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CIFAR congratulates Canada 150 Research Chair joining U of T

by CIFAR Mar 29 / 18

CIFAR congratulates CIFAR Senior Fellow Alán Aspuru-Guzik, who is joining the University of Toronto as one of the Canada 150 Research Chairs announced today by Minister of Science Kirsty Duncan.

Aspuru-Guzik is a tenured professor at Harvard University, world-leading researcher in theoretical and computational chemistry and a Senior Fellow in CIFAR’s Bio-inspired Solar Energy program. He is jointly appointed to the departments of chemistry and computer science as the Canada 150 Research Chair in Theoretical & Quantum Chemistry. This summer, he will arrive at U of T, which is internationally known for its strengths in chemistry and artificial intelligence.

Aspuru-Guzik will also be a faculty member of the Vector Institute. CIFAR is leading the Government of Canada’s $125 million Pan-Canadian Artificial Intelligence Strategy, working in partnership with the three newly established AI institutes.

“I really got to know Canada and Canadian scientists through CIFAR”

“I really got to know Canada and Canadian scientists through CIFAR,” Aspuru-Guzik said. Some of his collaborators include CIFAR fellows Ted Sargent (U of T), Mario Leclerc (Université Laval) and Curtis Berlinguette (UBC).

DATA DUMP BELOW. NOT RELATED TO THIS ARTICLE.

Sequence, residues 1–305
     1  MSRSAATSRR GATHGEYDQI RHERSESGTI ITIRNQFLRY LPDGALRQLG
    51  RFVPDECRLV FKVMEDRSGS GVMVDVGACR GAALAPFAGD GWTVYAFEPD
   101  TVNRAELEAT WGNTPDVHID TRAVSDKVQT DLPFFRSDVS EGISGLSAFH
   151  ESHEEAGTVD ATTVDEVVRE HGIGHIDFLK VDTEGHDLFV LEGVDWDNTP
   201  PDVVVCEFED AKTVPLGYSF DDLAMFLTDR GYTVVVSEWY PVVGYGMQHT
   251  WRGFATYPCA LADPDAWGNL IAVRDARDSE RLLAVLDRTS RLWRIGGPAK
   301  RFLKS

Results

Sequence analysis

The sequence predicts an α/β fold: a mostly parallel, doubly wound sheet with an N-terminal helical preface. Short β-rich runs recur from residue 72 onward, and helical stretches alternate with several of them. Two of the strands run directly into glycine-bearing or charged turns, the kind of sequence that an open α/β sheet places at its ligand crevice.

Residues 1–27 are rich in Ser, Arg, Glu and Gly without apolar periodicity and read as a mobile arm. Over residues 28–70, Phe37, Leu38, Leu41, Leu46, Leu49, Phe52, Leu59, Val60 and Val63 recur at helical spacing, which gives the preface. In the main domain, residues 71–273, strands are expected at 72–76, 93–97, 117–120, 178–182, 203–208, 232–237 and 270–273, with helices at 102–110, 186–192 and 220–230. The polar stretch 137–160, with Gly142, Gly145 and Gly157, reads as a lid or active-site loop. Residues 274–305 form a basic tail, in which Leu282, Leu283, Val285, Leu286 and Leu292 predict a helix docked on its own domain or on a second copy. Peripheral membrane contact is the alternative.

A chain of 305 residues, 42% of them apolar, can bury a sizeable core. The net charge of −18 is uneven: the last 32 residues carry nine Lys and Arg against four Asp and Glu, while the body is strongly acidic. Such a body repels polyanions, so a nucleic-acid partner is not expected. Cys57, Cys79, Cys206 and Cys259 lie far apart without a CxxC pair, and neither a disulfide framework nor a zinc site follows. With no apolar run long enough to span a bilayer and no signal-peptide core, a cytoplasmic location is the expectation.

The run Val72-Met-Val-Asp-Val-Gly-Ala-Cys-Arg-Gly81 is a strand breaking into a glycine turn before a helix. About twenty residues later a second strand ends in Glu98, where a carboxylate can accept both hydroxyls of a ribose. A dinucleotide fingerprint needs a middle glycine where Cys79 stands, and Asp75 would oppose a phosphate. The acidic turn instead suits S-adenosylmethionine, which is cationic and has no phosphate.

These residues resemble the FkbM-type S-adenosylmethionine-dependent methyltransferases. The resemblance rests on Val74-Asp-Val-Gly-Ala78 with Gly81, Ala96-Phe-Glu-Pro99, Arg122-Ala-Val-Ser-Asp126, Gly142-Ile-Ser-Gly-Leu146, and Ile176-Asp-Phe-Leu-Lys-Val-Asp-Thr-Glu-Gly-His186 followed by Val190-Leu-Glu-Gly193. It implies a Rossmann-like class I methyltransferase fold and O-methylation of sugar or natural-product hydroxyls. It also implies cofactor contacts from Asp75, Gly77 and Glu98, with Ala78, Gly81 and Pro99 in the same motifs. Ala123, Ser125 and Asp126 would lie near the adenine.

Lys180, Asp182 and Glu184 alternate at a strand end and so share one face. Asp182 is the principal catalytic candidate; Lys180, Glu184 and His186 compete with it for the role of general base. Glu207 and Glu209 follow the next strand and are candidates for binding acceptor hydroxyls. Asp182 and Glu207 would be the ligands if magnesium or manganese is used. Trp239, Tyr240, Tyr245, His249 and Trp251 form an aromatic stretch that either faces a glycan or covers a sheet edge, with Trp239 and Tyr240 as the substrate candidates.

“I also got to know Alan Bernstein, who helped me navigate many, many aspects of my move to Canada,” said Aspuru-Guzik.

Aspuru Guzik reached out to Dr. Bernstein, CIFAR’s President & CEO, and shared his interest in moving to Canada. From there, Dr. Bernstein introduced him to senior administrators in universities and the community.

“Congratulations to Alán on this prestigious appointment and congratulations to the Government of Canada and U of T. Alán is a brilliant scientist who will bring to Canada his scientific excellence and enthusiasm. He will serve as a magnet for young people wishing to pursue a scientific career. Canada, Toronto and CIFAR are all fortunate to have him,” said Dr. Bernstein.

The Canada 150 Research Chair program is a $117-million investment by the federal government to enhance this country’s reputation as a global centre for science, research and innovation, and to attract the world’s leading scholars and researchers.

Originally from Mexico City, Aspuru-Guzik earned his PhD and did his post-doctoral research at the University of California, Berkeley before joining Harvard in 2006. He became a tenured professor of chemistry in 2013.

Aspuru-Guzik’s long-term research goals are to disrupt chemistry by working on ideas stemming from computer science and robotics. He is particularly interested in bio-inspired solar energy and has published a series of papers in collaboration with CIFAR fellows ranging from synthetic circuits that mimic photosynthesis to the role of protein vibrations in converting sunshine into useful energy.

In January, a report led by Aspuru-Guzik was released on how the integration of artificial intelligence and robotics with materials sciences will lead to new clean energy technologies. The report is the result of an international workshop he co-led in September that brought together 55 researchers from around the world. The workshop was part of Mission Innovation, a partnership of 22 countries and the European Union that aims to accelerate global clean energy development. It was sponsored by CIFAR, along with the Mexican Ministry of Energy (SENER) and the U.S. Department of Energy.